Clients' idle money to slip out of brokerages' hands

Currently, brokers use idle money in clients’ trading A/Cs to lend to others at interest.

The capital markets regulator feels this arrangement makes for systemic risks.
MUMBAI: A cheap and easy source of funding for retail brokerages is set to dry up soon. Brokerages will not be allowed to use the money of clients to finance other trades from July 1, possibly triggering a sell-off in small-cap and penny stocks at that time. The move is aimed at preventing brokers from misusing client funds, a concern that prompted the Securities and Exchange Board of India to push for tighter rules.

Currently, broking firms use money that lies idle in clients’ trading accounts to lend to others at interest. Some of them use it for proprietary trades. For brokerages, it is a free source of funding as firms do not pay any interest to clients, many of whom do not withdraw their money after every trade.

The capital markets regulator feels this arrangement makes for systemic risks.

Sebi has been seeking stricter norms in the past few months but brokers have managed to delay such a move. But with the regulator yet to indicate that the new rules will be deferred any further, broking firms are now resigned to its implementation. “It will have major implications for brokers because the new rules limit their cash flow,” said the chief executive of a Mumbai-based retail broking firm.

Top executives said the move will impact most broking firms, especially the smaller ones that rely heavily on this arrangement to run business. Most of the larger established brokers also fund clients through their non-banking finance companies (NBFCs). But if a broker funds a client through the NBFC, the client has to bring in an upfront margin. Also, there are restrictions in the stocks a client can invest in through the funded money. However, if the broker is funding clients without going through the NBFCs, it does not need to comply with these rules.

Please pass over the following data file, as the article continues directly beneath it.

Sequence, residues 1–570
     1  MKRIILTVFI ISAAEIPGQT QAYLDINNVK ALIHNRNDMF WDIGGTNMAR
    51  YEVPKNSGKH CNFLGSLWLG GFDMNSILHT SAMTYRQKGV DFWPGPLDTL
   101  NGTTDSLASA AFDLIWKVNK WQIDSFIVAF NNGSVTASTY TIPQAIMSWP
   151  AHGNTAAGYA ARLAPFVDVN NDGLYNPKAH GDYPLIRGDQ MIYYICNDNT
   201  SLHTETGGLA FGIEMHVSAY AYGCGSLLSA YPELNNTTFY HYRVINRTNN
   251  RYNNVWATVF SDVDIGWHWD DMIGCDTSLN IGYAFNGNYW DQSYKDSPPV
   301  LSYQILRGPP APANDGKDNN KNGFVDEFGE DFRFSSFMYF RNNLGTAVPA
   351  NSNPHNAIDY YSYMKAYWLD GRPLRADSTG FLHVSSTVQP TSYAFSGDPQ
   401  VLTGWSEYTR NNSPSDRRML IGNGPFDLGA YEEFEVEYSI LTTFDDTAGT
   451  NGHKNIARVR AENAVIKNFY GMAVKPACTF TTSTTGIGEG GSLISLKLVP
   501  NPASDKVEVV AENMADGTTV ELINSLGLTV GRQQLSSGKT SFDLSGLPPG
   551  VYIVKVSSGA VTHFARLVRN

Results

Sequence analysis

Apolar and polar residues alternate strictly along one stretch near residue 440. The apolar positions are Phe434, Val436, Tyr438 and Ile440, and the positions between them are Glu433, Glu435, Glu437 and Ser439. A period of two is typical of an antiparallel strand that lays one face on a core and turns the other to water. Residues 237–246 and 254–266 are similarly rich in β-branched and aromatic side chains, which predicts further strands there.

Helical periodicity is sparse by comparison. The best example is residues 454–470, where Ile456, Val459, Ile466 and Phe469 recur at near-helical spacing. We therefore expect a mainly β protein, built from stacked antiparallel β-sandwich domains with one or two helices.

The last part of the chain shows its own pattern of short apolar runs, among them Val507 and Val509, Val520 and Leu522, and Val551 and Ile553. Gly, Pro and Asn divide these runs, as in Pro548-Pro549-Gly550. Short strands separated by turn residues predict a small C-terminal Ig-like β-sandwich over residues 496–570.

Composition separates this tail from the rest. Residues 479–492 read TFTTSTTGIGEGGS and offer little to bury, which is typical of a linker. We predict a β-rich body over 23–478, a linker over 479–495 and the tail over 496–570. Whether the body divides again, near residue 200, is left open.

Brokers said a lot of buying in small-cap and penny stocks in the past year has been funded by brokerages, which in turn used clients’ idle money. Many of these stocks would not be eligible for funding by NBFCs. With the new rules set to be implemented in July, brokers expect a sell-off in many stocks in these categories in June.

“Its implementation will lead to the artificial volumes disappearing because brokers will not be able to fund clients so easily,” said Rahul Rege, business head, Emkay Global Financial Services.

“This would be a bold step by the regulator to clean up the system.” Various small brokers, who relied on client money to fund other trades, are shutting shop, said some industry executives, but this could not be verified independently. The managing director of a large brokerage said many firms do not have the back-office capabilities to implement the new norms.

Sebi has put the onus of keeping track of investors’ funds lying with brokers on stock exchanges. “Stock exchanges shall put in place a mechanism for monitoring clients’ funds lying with the stock broker to generate alerts on any misuse of clients’ funds by stock brokers,” the regulator had said in a circular in September last year.

Broking officials said the new system will benefit clients. “From the customer point of view, enhanced supervision will increase transparency in the system as brokers will have to maintain their client credit balance separately and report to the stock exchanges on a weekly basis,” said Prakarsh Gagdani, CEO,, a subsidiary of IIFL Group.




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